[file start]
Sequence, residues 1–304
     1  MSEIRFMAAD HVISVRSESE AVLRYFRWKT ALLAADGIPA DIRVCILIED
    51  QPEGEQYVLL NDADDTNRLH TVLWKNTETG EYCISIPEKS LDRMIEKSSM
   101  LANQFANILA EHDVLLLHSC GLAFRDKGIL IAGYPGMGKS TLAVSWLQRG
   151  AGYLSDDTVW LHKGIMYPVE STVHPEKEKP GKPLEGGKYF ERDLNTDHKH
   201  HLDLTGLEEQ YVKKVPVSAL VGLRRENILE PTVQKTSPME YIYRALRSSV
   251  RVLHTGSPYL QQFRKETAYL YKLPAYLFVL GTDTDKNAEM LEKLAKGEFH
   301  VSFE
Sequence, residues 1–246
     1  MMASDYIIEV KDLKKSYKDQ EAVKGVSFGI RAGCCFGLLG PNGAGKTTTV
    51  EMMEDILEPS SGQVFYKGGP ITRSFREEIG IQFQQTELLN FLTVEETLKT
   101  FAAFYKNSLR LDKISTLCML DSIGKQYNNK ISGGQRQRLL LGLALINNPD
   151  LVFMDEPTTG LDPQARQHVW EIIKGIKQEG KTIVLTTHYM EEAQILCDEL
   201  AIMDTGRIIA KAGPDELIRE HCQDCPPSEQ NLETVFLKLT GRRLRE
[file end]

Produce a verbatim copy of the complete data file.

Sequence, residues 1–304
     1  MSEIRFMAAD HVISVRSESE AVLRYFRWKT ALLAADGIPA DIRVCILIED
    51  QPEGEQYVLL NDADDTNRLH TVLWKNTETG EYCISIPEKS LDRMIEKSSM
   101  LANQFANILA EHDVLLLHSC GLAFRDKGIL IAGYPGMGKS TLAVSWLQRG
   151  AGYLSDDTVW LHKGIMYPVE STVHPEKEKP GKPLEGGKYF ERDLNTDHKH
   201  HLDLTGLEEQ YVKKVPVSAL VGLRRENILE PTVQKTSPME YIYRALRSSV
   251  RVLHTGSPYL QQFRKETAYL YKLPAYLFVL GTDTDKNAEM LEKLAKGEFH
   301  VSFE
Sequence, residues 1–246
     1  MMASDYIIEV KDLKKSYKDQ EAVKGVSFGI RAGCCFGLLG PNGAGKTTTV
    51  EMMEDILEPS SGQVFYKGGP ITRSFREEIG IQFQQTELLN FLTVEETLKT
   101  FAAFYKNSLR LDKISTLCML DSIGKQYNNK ISGGQRQRLL LGLALINNPD
   151  LVFMDEPTTG LDPQARQHVW EIIKGIKQEG KTIVLTTHYM EEAQILCDEL
   201  AIMDTGRIIA KAGPDELIRE HCQDCPPSEQ NLETVFLKLT GRRLRE